American Patchwork

1978 to 1983
United States
From 1978 to 1983, Alan Lomax and several crews (first film, then video) travelled through the American South and Southwest, documenting its traditional music—brass bands, second-liners, and Mardi Gras Indians in New Orleans; miners, moonshiners, and Primitive Baptists in Kentucky; flat-footers, string bands, and Piedmont blues in North Carolina; Cajun cowboys, fiddlers, and zydeco stompers in French-speaking Louisiana; and fife-and-drum ensembles, gospel quartets, former railroad track-liners, levee-camp muleskinners, and players on the pre-war blues circuit in Mississippi; and the vernacular music and material culture among Mexican American communities and the Tohono O'odham, Yacqui, and Mountain Apache in Arizona. This footage ultimately totaled some 350 hours and was edited into Lomax's "American Patchwork" series, which aired on American public television in 1991. But given the strictures of the form, hundreds of discrete performances, narrative segments, and compelling scenes were left unseen.The project is supported in part by an award from the National Endowment for the Arts.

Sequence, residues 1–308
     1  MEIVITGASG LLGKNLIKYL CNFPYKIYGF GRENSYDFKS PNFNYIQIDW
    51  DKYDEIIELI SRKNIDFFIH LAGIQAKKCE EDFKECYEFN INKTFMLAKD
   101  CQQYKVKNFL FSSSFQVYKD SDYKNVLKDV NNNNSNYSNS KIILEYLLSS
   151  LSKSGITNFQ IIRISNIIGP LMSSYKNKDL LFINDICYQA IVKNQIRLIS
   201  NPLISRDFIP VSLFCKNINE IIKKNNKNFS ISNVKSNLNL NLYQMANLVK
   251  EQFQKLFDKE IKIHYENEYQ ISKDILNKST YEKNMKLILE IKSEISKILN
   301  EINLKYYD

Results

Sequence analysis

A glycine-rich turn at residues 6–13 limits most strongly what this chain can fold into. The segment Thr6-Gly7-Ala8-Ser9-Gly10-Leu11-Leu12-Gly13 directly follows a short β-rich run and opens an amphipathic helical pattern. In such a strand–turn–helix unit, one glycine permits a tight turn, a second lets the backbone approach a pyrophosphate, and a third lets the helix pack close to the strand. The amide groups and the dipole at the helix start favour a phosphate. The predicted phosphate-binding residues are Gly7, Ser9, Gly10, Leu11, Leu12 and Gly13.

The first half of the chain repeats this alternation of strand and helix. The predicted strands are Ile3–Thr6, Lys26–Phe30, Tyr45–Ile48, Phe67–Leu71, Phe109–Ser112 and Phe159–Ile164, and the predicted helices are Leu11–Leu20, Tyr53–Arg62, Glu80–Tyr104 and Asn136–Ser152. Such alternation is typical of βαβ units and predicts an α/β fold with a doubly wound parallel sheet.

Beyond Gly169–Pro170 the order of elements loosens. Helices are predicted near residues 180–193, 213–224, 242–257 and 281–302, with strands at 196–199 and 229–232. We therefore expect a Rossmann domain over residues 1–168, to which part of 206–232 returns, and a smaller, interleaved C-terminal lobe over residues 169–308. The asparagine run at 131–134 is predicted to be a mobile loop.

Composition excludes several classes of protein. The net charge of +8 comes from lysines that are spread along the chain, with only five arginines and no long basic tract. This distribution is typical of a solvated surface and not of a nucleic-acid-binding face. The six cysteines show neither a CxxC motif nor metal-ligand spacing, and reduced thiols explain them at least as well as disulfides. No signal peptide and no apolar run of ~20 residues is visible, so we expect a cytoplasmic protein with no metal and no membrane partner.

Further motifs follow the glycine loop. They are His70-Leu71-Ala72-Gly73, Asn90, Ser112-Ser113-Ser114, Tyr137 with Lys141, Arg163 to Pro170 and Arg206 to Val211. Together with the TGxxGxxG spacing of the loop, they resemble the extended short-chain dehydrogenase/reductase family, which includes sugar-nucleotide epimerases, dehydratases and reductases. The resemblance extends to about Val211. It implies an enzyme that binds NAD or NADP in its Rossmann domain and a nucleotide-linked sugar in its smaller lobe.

New Orleans (1982)

Alabama Sacred Harp (1982)

Johns Island, South Carolina (1983)

On the Greenville Levee (1978)

Brooklyn Giglio (1982)

Arizona (1983)

Cajun Louisiana (1982–1983)

Mississippi Delta and Hill Country (1978)

Appalachia (1982–1983)

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